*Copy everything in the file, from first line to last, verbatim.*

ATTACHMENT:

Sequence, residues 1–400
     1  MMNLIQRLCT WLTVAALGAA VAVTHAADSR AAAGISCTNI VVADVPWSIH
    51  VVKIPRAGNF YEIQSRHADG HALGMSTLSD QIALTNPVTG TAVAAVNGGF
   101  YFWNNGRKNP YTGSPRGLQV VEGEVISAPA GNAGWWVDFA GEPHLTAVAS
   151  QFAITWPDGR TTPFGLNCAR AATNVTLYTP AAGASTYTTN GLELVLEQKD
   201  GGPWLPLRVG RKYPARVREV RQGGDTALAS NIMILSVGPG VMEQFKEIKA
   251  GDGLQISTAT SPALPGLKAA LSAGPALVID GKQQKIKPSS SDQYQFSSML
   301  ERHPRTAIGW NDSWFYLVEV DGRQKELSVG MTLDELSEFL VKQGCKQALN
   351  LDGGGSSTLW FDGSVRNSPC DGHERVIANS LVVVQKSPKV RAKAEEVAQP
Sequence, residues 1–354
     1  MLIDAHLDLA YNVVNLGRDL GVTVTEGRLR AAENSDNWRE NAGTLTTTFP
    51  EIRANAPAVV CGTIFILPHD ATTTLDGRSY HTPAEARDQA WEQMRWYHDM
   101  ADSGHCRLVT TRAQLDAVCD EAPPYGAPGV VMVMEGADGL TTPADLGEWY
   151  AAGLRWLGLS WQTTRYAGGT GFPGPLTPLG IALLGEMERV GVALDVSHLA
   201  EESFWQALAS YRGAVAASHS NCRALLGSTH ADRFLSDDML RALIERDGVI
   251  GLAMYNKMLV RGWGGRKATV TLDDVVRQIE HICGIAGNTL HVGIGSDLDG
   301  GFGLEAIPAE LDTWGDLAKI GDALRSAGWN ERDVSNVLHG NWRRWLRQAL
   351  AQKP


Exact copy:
Sequence, residues 1–400
     1  MMNLIQRLCT WLTVAALGAA VAVTHAADSR AAAGISCTNI VVADVPWSIH
    51  VVKIPRAGNF YEIQSRHADG HALGMSTLSD QIALTNPVTG TAVAAVNGGF
   101  YFWNNGRKNP YTGSPRGLQV VEGEVISAPA GNAGWWVDFA GEPHLTAVAS
   151  QFAITWPDGR TTPFGLNCAR AATNVTLYTP AAGASTYTTN GLELVLEQKD
   201  GGPWLPLRVG RKYPARVREV RQGGDTALAS NIMILSVGPG VMEQFKEIKA
   251  GDGLQISTAT SPALPGLKAA LSAGPALVID GKQQKIKPSS SDQYQFSSML
   301  ERHPRTAIGW NDSWFYLVEV DGRQKELSVG MTLDELSEFL VKQGCKQALN
   351  LDGGGSSTLW FDGSVRNSPC DGHERVIANS LVVVQKSPKV RAKAEEVAQP
Sequence, residues 1–354
     1  MLIDAHLDLA YNVVNLGRDL GVTVTEGRLR AAENSDNWRE NAGTLTTTFP
    51  EIRANAPAVV CGTIFILPHD ATTTLDGRSY HTPAEARDQA WEQMRWYHDM
   101  ADSGHCRLVT TRAQLDAVCD EAPPYGAPGV VMVMEGADGL TTPADLGEWY
   151  AAGLRWLGLS WQTTRYAGGT GFPGPLTPLG IALLGEMERV GVALDVSHLA
   201  EESFWQALAS YRGAVAASHS NCRALLGSTH ADRFLSDDML RALIERDGVI
   251  GLAMYNKMLV RGWGGRKATV TLDDVVRQIE HICGIAGNTL HVGIGSDLDG
   301  GFGLEAIPAE LDTWGDLAKI GDALRSAGWN ERDVSNVLHG NWRRWLRQAL
   351  AQKP